The Hong Kong neon artist teaching his craft to a new generation – can he help it survive the onslaught of LEDs?
From the South China Morning Post: Neon signs have been drawing the eye in Hong Kong for more than a century, a familiar sight in the city’s nightscape advertising everything from pharmacies and seafood restaurants to topless bars and saunas.
In the past 20 years, though, most of Hong Kong’s neon signage has been removed, either for safety reasons or because of the increased popularity of cheap, more energy-efficient LEDs.
One of the most well-known signs to have come down recently was that promoting the Koon Nam Wah Bridal store in Yau Ma Tei, in August.
“It’s really sad, it was so iconic,” says Jive Lau Ho-fai, 39, who runs the Kowloneon workshop, in Kwun Tong, East Kowloon, where customers can make their own neon sign or piece of art in one- or four-day workshops.
Berlin Officials Discuss Historic Sign Restoration
From The Dispatch: BERLIN– Officials voiced support for the concept of repainting two old advertising signs in Berlin following a similar project in Snow Hill.
Members of the Berlin Historic District Commission this week voiced their support for seeing two antique advertisements, painted on the sides of the building at 11 Pitts St., restored. In Snow Hill, a similar project that restored the “ghost sign” advertising the G.M. Dryden General Merchandise store was just completed.
“With all of the activity on Pitts Street, it would really add to that,” said John Holloway, a historic district commission member.
This 64-Year-Old North Beach Topless Bar Wants to Become a Legacy Business
From Eater San Francisco: Columbus Avenue is home to many key players in the San Francisco dining world, places including the tourist-swamped the Stinking Rose and the larger-than-life Tosca, as well as the new and bold Cassava. That list includes the Condor, possibly the first topless bar in America and current contender for the city’s Legacy Business Registry. The San Francisco Chronicle reports the Historic Preservation Commission advanced the measure to commemorate and financially support the Condor to the Small Business Commission earlier this week.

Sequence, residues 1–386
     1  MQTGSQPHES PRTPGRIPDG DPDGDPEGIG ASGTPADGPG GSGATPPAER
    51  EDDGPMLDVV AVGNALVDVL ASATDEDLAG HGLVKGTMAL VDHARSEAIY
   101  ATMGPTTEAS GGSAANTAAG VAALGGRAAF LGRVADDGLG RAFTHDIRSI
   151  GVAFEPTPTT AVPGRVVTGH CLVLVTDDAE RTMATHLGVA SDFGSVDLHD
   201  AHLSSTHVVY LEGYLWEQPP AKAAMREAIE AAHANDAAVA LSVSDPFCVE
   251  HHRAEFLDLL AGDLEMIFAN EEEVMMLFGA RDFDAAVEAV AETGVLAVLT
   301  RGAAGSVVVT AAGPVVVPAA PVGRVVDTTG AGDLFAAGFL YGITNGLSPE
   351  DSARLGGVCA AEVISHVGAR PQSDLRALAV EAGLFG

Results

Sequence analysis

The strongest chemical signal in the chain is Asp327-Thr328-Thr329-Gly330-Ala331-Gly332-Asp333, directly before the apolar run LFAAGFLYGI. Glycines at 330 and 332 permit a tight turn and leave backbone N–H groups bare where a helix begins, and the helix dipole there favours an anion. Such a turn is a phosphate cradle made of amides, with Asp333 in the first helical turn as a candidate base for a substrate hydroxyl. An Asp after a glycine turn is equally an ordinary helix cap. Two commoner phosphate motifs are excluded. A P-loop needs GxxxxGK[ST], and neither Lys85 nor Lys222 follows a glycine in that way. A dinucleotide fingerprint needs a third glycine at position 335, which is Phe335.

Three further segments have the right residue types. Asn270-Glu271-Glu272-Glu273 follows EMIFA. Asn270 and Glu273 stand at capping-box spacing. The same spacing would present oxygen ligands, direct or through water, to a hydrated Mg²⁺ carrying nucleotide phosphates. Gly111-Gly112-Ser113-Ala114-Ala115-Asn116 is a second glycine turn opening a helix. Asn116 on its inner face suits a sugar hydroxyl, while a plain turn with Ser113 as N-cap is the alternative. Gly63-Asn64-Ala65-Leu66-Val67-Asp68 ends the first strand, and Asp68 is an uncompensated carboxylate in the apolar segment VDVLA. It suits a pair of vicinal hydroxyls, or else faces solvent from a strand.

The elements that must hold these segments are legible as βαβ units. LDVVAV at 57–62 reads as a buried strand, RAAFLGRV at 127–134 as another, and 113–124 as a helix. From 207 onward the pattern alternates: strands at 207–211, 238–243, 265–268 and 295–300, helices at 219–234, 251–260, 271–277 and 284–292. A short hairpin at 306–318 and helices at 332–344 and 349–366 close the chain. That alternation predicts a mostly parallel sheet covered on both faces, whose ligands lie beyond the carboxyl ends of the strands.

Shelton NEON Project lights up nostalgia one sign at a time
From seattlerefined: A Shelton artist has lovingly restored and reilluminated historic neon signs in downtown Shelton and plans to do more.
Forrest Cooper learned neon glass blowing and repair while pursuing a bachelor’s degree from Northwest College of Art in Poulsbo.
“I actually was really into industrial sculpture and using light as a medium,” he said.
Cooper interned with a local neon artist and, after graduation, went to work
“He showed me everything about neon, about the processing, about glass blowing and everything that goes with it,” said Cooper. “I ended up working there for a good three years. So, it was always an interest of mine, but it was also just another medium of creating.”
The death of the American shopping mall – in pictures
From The Guardian: Photographer Phillip Buehler captured the last stages of life of a New Jersey mall in a sad and insightful set of images showing how shopping has shifted from the physical to the digital. His work is being showcased at an exhibition entitled Malls of America, now on display at Footnote in Gowanus, Brooklyn, until 18 November
A Canadian Photographer Found A New Creative Angle On The Iconic American Diner
From BuzzFeed News: When Donald Trump was talking about a return to the past as he announced his bid for the White House in 2015, parallel to his rhetoric, photographer Leah Frances decided to go on a journey into America’s obsession with nostalgia and what that concept meant to her.
Growing up in Canada, Frances found American diners to be charming artifacts that she remembered seeing in movies and TV shows. The establishments often sport neon signs, bright color palettes, and period furniture.
For Frances, seeking out these eateries became a peaceful oasis during turbulent times after the 2016 presidential election. The project lasted for years and the nostalgia of ’50s-themed diners had a different effect during pandemic lockdowns and racial justice protests of 2020.